LB-DE Akeem Ayers: At 6-foot-3, 253 pounds, Ayers is one of the biggest starting linebackers the Titans have had. He’s very much a strongside guy, and now he will almost exclusively be coming forward to be part of the rush. When the Titans go to nickel, he’ll often put his hand down and function as the right defensive end. Patrick Bailey played in Ayers' linebacker spot against the Falcons, but he can’t step up to be the defensive end. Scott Solomon is a defensive end who has been converted to strongside linebacker, and while his progress has been good, he’s not a natural.

WR Kendall Wright: At 5-foot-10 (and 191 pounds) he’s the shortest receiver among the guys who will be around. Shifty and quick, Wright has a knack for not taking a big hit in the middle of the field. The Titans don’t really have another guy in the same mold. Damian Williams is working in the slot as Wright recovers from a knee injury. Williams is a quality player and a bigger target. He’s a versatile guy who is technique-sound and a quality route-runner. But he’s not the same style or caliber of playmaker.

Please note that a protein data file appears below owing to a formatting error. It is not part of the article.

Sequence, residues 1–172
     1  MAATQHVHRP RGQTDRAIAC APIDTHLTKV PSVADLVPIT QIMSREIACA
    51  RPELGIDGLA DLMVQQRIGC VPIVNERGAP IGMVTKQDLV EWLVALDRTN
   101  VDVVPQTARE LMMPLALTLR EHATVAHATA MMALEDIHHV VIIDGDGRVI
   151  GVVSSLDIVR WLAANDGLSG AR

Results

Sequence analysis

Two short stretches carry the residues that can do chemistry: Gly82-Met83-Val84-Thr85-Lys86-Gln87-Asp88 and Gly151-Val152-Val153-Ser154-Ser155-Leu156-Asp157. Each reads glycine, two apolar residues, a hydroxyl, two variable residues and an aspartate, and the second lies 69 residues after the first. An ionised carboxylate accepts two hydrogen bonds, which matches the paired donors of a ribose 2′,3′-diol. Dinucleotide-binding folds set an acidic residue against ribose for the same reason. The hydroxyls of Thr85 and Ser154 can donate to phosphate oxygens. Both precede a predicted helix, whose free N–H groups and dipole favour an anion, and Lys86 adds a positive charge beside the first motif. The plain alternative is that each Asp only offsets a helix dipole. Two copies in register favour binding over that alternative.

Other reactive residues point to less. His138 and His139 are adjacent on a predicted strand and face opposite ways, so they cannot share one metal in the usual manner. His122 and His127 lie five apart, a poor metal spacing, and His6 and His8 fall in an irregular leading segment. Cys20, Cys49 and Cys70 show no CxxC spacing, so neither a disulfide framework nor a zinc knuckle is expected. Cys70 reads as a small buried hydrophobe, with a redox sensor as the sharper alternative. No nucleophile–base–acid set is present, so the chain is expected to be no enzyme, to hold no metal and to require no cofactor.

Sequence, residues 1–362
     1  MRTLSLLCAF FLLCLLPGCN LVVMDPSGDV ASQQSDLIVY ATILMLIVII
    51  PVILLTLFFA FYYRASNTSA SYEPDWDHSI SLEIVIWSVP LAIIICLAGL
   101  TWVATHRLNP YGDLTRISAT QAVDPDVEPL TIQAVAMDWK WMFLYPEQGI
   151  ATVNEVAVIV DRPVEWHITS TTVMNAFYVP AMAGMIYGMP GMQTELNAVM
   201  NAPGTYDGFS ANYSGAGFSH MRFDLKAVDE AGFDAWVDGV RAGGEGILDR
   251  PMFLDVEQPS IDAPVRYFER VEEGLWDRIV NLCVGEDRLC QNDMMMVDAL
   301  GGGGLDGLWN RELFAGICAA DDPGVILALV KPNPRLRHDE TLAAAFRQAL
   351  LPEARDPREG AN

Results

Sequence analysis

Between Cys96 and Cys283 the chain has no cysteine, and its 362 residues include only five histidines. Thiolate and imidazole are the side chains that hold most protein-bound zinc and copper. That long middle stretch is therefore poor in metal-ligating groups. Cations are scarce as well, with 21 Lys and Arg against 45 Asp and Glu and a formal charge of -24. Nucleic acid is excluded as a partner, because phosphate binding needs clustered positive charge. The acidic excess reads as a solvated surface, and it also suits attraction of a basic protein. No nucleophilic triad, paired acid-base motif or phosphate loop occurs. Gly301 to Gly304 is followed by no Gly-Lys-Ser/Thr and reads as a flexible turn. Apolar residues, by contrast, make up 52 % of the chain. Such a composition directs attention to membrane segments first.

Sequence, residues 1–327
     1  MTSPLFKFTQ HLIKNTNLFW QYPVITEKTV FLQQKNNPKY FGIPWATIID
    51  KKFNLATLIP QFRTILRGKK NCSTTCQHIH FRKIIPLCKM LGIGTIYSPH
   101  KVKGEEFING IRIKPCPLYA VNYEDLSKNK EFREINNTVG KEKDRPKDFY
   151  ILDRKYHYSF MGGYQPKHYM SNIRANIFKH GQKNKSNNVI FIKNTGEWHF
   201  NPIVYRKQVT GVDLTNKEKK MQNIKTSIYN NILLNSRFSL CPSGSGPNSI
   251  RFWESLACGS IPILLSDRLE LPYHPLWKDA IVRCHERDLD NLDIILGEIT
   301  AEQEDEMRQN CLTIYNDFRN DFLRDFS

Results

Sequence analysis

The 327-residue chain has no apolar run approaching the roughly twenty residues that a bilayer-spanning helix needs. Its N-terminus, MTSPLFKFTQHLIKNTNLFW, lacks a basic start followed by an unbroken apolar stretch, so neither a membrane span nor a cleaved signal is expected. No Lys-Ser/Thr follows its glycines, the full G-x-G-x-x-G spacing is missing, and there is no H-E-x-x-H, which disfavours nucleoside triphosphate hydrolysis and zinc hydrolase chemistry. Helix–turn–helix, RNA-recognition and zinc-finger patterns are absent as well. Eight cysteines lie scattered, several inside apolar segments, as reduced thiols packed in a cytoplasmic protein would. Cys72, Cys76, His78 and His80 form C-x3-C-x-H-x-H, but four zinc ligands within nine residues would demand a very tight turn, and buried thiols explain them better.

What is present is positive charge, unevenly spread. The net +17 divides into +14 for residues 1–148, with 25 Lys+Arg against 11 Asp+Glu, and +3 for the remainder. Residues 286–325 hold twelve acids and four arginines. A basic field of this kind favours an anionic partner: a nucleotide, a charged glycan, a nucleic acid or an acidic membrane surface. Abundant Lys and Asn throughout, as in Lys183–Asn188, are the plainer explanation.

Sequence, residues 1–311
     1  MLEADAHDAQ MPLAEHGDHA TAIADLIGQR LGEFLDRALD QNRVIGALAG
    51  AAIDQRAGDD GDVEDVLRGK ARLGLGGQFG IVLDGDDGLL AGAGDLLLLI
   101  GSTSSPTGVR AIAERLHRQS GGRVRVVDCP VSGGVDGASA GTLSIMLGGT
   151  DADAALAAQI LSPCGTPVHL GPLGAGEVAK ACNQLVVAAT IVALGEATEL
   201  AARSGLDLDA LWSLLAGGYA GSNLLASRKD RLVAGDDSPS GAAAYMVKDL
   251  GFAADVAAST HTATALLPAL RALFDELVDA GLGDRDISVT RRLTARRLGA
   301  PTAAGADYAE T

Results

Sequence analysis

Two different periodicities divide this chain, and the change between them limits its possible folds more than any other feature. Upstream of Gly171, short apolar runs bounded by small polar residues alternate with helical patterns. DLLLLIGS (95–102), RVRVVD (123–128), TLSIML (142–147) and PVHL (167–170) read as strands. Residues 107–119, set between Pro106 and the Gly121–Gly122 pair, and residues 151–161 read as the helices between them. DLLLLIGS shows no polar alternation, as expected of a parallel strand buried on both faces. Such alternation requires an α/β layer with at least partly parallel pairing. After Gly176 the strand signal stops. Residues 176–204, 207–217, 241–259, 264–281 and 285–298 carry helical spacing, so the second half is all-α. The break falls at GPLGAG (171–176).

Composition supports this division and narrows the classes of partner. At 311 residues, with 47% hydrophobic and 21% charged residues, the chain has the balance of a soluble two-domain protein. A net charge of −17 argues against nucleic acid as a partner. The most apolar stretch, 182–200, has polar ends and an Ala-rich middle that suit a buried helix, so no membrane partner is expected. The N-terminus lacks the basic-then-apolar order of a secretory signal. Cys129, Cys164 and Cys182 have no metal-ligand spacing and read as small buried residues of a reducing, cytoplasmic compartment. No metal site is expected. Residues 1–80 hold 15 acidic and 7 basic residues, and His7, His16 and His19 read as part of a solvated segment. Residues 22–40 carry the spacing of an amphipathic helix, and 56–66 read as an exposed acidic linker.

Quarterback Jake Locker played a confident and efficient first-half. The run game looked good again. Defensive tackle Jurrell Casey turned a triple play with a sack, forced fumble and fumble recovery all in one swoop.

Those were encouraging developments.

That was about it for the front-liners, and those positives were swallowed up by a pretty lengthy list of bad stuff for the Tennessee Titans in preseason game No. 2, a 27-19 loss at Cincinnati on Saturday night.